Shane Black's "The Nice Guys" Isn't Peak Shane Black
Both 2005’s “Kiss Kiss Bang Bang” and 2013’s “Iron Man 3” were and remain magnificent curveballs, each spinning genre convention into a petrol bomb of subversion and offbeat comic bravado. They wielded the correct balance of respect and disdain for their forefathers and an incredible awareness of and willingness to play with audience expectations. As such, few directorial careers have ever begun with such a funny, thrilling one-two punch, a sequence that’s had Shane Black fans pleading for more.
This is precisely why the filmmaker’s third go-round is a relative disappointment. “The Nice Guys” sees Black’s talents confined to a well-worn template that he’s already perfected. Twice. Thirty years on from “Lethal Weapon,” buddy cop movies are one of the least fertile creative grounds imaginable. For every “Kiss Kiss Bang Bang” there’s a “Cop Out” and a “Get Hard” and a “Ride Along 2” and worse (granted, there isn’t much worse than “Cop Out”). It’s a formula that’s been reverse engineered to hell and back, arguably disintegrated by 2014’s hilarious, historically self-aware “22 Jump Street.” Consequently “The Nice Guys” comes with an air of pointlessness accentuated by its wholly inconsequential narrative.
It’s 1977 – the pic’s barrage of pop culture references and bad fashion never lets us forget it – and a famous porn star has perished in a mysterious car accident. The trail of curious coincidences surrounding Misty Mountains’ death has thrown private detective Holland March (Ryan Gosling) and enforcer Jackson Healy (Russell Crowe) in the mix together, leaving them tangled up in a familiar web of sex and violence. There are brutish thugs (Keith David and Beau Knapp), a hitman (Matt Bomer), a high-ranking Department of Justice official (Kim Basinger), her rebellious daughter Amelia (Margaret Qualley), and March’s own offspring, Holly (Angourie Rice). The pre-teen just might be a better P.I. than her addled dad.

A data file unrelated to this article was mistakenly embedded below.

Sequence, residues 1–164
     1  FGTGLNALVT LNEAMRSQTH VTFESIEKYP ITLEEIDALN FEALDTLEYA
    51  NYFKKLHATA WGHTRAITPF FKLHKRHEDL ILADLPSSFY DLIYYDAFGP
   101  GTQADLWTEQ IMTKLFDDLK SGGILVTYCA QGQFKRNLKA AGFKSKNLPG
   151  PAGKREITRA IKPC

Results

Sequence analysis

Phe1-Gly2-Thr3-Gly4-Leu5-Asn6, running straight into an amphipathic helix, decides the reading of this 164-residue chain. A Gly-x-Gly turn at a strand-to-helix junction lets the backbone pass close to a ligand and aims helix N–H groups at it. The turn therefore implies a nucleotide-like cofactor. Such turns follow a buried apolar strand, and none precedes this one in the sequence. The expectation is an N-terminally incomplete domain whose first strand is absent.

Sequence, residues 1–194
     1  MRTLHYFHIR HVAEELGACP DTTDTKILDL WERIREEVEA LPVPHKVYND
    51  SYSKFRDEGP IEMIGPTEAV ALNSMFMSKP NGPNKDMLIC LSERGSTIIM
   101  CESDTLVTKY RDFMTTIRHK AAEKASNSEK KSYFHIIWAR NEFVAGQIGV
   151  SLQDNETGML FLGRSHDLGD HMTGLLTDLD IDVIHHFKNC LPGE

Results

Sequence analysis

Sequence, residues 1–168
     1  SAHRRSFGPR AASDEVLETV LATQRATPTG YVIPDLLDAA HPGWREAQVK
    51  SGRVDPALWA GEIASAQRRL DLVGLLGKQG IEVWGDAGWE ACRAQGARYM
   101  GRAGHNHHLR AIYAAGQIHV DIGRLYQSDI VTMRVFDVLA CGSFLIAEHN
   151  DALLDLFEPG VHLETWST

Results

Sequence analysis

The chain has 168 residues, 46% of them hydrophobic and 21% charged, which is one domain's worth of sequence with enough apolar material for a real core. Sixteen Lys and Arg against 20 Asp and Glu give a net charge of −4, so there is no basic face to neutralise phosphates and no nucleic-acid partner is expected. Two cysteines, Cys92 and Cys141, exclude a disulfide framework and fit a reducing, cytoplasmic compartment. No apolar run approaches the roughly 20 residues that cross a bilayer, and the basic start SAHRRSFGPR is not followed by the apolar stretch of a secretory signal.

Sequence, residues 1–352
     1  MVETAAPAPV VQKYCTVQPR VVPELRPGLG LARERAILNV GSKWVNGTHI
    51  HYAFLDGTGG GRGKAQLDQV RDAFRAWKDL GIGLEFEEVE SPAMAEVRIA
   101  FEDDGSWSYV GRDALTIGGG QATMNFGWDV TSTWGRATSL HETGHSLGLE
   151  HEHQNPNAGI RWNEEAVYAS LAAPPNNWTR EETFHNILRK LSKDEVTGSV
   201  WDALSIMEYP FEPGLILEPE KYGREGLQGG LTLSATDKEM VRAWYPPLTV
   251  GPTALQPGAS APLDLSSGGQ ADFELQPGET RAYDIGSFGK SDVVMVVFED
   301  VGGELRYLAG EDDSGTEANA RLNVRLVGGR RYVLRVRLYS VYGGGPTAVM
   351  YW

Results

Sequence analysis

Gosling and Crowe make an exceptional duo, bestowing their pugnacious Angelenos with an amusing mix of verve and cluelessness. Gosling is especially entertaining, walking a narrow line between goofball incarnate and plausible human being. His presence elevates the screenplay’s surprisingly broad comedy, giving it an identity that it might not have had in the hands of a traditionally comedic actor. Black’s typically incisive laughs aren’t so incisive in “The Nice Guys,” content to careen loosely off a stock cop story. But Gosling’s wide-eyed incredulity makes the comedy better, if not insightful, with Crowe more than eager to do the dramatic heavy lifting.
One problem: there’s very little to lift. Nothing in “The Nice Guys” means much, nor is Black aiming at any particular target. (A subplot about the auto industry is loose allegory for modern day economics, but it’s a stretch.) This strands Gosling and Crowe in a story that isn’t about much more than their characters, without any substance beyond what the actors bring. It’s not luck that they’re so good, but it often feels like they’re getting their writer-director off the hook.
Credit to Shane Black: many of the films evoked here (from Michael Bay’s “The Rock” to Wes Craven’s fiercely self-aware “Scream” series to Henry Winkler’s semi-obscure kids movie “Cop & 1/2”) are direct descendants of his, making the pic’s shortcomings more or less a byproduct of his own ingenuity. It’s a strange place to be in, where the strengths of your earlier work have been aped so much and so often that your creative voice loses some of its potency. But that’s where Black finds himself with “The Nice Guys,” inevitably without the same vivacity he had thirty, fifteen, or even five years ago.
Apart from Gosling and Crowe, who should work together again as soon as possible, Angourie Rice is the big standout as March’s daughter. As in “Iron Man 3” Black proves to be one of the few writer-directors who knows how to work with kids, interpolating a pretty neat father-daughter dynamic into a story where it shouldn’t work. It does, thanks to a nice performance from Rice and knowing writing and direction. The relationship is the extra dimension that the movie requires, proving once again that Black has a great teen movie in him – that is, if he wasn’t put off the prospect by his involvement in 1993 dud “Last Action Hero.”
“The Nice Guys” is – despite energetic, engaging lead performances and a handful of great one-liners – Black’s weakest effort in an age, a shoot-from-the-hip P.I. comedy that isn’t half as interesting as “Inherent Vice” and barely as funny. Shane Black novices would do well in visiting his other work before checking in with “The Nice Guys,” an imperfect example of his remarkable talents.
Rating: ★★★ out of ★★★★★ (Okay)
Release Date: May 20, 2016
Studio: Warner Bros. Pictures
Director: Shane Black
Screenwriter: Shane Black, Anthony Bagarozzi
Starring: Russell Crowe, Ryan Gosling, Angourie Rice, Matt Bomer, Kim Basinger, Margaret Qualley, Keith David, Beau Knapp
MPAA Rating: (for violence, sexuality, nudity, language and brief drug use)